placing ourselves in the passion story




VATICAN CITY Preceded by young people and clergy waving tall palm branches, Pope Francis began his Holy Week liturgies by encouraging people to ask themselves which personality in the Gospel accounts of Jesus passion, death and resurrection they resemble most.”Where is my heart? Which of these people do I resemble most?” Pope Francis asked Sunday as he celebrated the Palm Sunday Mass of the Lords Passion.

via Pope: During Holy Week, ask which Gospel character you resemble | National Catholic Reporter.

Pope Francis was inviting us to enter into an Ignatian style of prayerful imagining. In the Passion story, who do you most identify with? For me, my heart, mind and gut are united with Mary.

My grand-daughter doesn’t like it when I call her my grand-baby. At the ripe age of 2 1/2, it insults her sense of maturity in relation to her one year old brother. I tried to explain to her that her daddy is still MY baby. “No, Grammy”, she argued. “Daddy’s not a baby!” It was useless trying to explain to her that the strapping young man who is now a wonderful husband and father will always be my baby boy.

One of the most glorious gifts of parenthood is rejoicing in all the accomplishments of our children, from first steps to graduations to careers to parenthood and beyond. One of the hardest aspects of parenthood is suffering with them through the many struggles of life. As wee babies they stole your hearts and never gave them back. Their pain became your pain, and continues to be.

I resist pondering Mary’s agony as her son was tried, tortured, humiliated and finally put to a gruesome death. It is too much to bear. This was her baby boy, now grown and trying to fulfill God’s will in his life. How did Mary find the courage to stay beside him, to remain standing even at the foot of the cross when others had fled? How does a parent survive the breaking of their own heart when they see their child suffer so?

Pope Francis, in his wisdom, knows that nudging us to enter into the gospel with our mind and heart can touch us more personally than soaring theological treatises or lengthy sermons. This is a powerful, yet simple exercise. What about you? Who do you identify with in the Passion readings?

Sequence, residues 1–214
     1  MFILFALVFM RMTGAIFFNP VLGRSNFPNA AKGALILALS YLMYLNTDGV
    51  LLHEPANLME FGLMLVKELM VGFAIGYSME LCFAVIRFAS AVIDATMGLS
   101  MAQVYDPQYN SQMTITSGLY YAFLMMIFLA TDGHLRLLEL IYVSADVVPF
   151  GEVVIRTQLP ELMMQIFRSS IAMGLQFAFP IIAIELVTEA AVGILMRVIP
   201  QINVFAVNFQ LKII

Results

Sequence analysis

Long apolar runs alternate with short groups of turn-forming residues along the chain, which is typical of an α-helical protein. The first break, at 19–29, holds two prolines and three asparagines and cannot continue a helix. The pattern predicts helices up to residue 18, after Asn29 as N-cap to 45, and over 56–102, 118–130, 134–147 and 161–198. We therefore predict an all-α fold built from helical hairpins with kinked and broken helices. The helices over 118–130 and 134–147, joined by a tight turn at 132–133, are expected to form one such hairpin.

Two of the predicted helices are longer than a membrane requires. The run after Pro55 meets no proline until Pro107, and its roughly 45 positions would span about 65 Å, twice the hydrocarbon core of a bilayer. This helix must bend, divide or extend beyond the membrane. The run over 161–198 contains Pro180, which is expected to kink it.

the simple beauty of palm sunday

palm sunday 1

Today is Palm Sunday. With the early Easter this year, we are still in the midst of winter. Each wee hint of spring mocks us. The grocery stores are well stocked with tulips, but we know another snow storm or two are probably around the corner. It´s been a long and brutal winter, and spring yearnings are deeper than usual.

Stepping into church this morning, we were welcomed by the most subtle of smells. The piles of fresh, green palms awaited us. I happily took the frond that was offered to me, and immediately lifted it up to my face, breathing in the greenness with delight.

There is a simplicity and beauty in the symbolism of Palm Sunday. After the sombre purples and bare branches of Lent, the red cloths and green palms are a welcomed burst of colour. Perhaps we appreciate them more because of their simplicity. They gently nudge the senses, without over-powering them.

Simplicity surrounded Our Lord as he made his triumphant entrance into Jerusalem. His ride was a donkey. Waving palm branches welcomed him – green fronds plucked from nearby trees, nothing ornate or expensive.

What followed was a journey of accusations, humiliations, denials, torture, agony and death. The Hosanna moment was quickly forgotten, and the crowds turned on him. A crown of thorns and a cross for a throne became the ultimate paradox of glory, of true kingship fulfilled.

Pope leads Palm Sunday Mass, BBC